S U S T A I N A B L Y

"Local" is not "organic," necessarily

Even consumers paying attention to where their food comes from and how it is produced are confused, one conclusion that can be drawn from a study published this month in the International Food and Agribusiness Management Review that says that 1 in 5 consumers thinks “local” means “organic.”

I see other examples of this not seldomly, such as when I see “organic cane sugar” on a processed-food label, as if the goodness of organic cancels out the … whatever of processed sugar.


This is what I'm talking about!

Based at Utah State, the Crossroads Project is a collaboration of the Fry Street Quartet and physicist Robert Davies that marries science and art to answer what amounts to the central paradox of modern life: "where the scientific ability to identify unprecedented risk to the natural systems that support us, intersects a societal inability to respond," as a document describing the project expresses it.


Biking in Finland

[My brother, Richard, is a great world traveler and an awfully punny writer. But his missives from the road — this time for him and his intrepid wife Beverly, it's 7 weeks away: Five weeks cycling from Finland through to Lithuania, then a week in Israel with our family and some friends who'll be there celebrating, then a week in Iceland — are often quite good, IMO.


Skewed assumptions from an esteemed research outfit

Quite some time ago, researcher Brian Wansink invited me to periodically stop by the website operated his Food and Brand Lab at Cornell, and I keep forgetting. The upside of my failure is that there’s plenty to peruse, instead of just the one or two conclusions posted since my last visit.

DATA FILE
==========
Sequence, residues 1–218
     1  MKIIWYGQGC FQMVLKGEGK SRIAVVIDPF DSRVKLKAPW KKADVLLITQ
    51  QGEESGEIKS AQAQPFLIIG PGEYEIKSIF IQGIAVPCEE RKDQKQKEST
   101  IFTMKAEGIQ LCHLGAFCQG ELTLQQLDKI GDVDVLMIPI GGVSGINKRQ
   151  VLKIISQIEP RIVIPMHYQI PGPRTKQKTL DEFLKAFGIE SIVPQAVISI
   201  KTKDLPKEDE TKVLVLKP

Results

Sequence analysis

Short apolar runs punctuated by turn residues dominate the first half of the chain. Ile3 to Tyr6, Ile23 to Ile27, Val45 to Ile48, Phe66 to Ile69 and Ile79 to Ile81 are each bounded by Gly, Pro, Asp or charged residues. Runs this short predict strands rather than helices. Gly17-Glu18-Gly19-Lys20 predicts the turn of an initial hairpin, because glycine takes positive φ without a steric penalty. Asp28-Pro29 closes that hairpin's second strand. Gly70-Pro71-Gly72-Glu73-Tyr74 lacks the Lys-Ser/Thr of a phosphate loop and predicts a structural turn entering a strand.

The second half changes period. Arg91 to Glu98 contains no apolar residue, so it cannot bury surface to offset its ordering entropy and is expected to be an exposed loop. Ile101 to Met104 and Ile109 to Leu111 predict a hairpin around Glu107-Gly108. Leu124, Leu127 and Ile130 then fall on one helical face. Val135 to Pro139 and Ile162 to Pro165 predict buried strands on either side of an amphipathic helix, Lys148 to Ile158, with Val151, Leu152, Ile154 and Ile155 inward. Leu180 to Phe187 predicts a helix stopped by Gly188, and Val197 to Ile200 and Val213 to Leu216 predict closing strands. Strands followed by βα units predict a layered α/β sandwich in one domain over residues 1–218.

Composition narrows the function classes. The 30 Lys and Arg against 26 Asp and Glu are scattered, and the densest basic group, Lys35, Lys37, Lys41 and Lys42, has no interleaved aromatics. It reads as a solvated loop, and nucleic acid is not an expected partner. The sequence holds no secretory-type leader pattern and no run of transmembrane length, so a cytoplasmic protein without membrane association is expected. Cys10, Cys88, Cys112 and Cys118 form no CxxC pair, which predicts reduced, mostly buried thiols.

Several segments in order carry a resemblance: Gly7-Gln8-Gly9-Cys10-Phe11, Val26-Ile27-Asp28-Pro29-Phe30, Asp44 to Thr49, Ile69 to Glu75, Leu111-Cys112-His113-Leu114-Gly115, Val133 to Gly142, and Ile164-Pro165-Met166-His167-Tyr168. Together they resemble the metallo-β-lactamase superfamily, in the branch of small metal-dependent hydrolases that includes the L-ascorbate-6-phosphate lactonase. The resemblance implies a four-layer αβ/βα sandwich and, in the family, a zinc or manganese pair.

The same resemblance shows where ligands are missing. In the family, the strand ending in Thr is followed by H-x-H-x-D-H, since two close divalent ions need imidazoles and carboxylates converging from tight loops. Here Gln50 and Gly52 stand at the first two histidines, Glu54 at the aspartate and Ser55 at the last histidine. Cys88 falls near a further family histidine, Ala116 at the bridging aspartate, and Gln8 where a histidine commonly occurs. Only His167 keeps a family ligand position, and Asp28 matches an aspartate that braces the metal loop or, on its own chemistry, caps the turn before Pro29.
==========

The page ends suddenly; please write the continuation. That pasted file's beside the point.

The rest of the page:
Is it biology? Lifestyle? Why not both (and more)?

I foreshadowed this post last week, when I began my ripostes to Dr. Chris Ochner, a good guy and respected researcher on obesity, a particular interest of mine. I just want to emphasize, again, that this isn’t about Ochner; it’s about ideas that are well evident in public debate. Our interview, and the aftermath, have provided opportunities for further discussion.


I didn't diet, and I don't feel deprived

If you’ve been reading along, you know I’ve now had several posts interacting with Dr. Christopher Ochner, a prominent obesity researcher at Mount Sinai Hospital in New York City. This is another one, responding specifically to his guest post; I just want to say, to keep saying, that Ochner is being generous with his time, and I’m grateful for the interaction.


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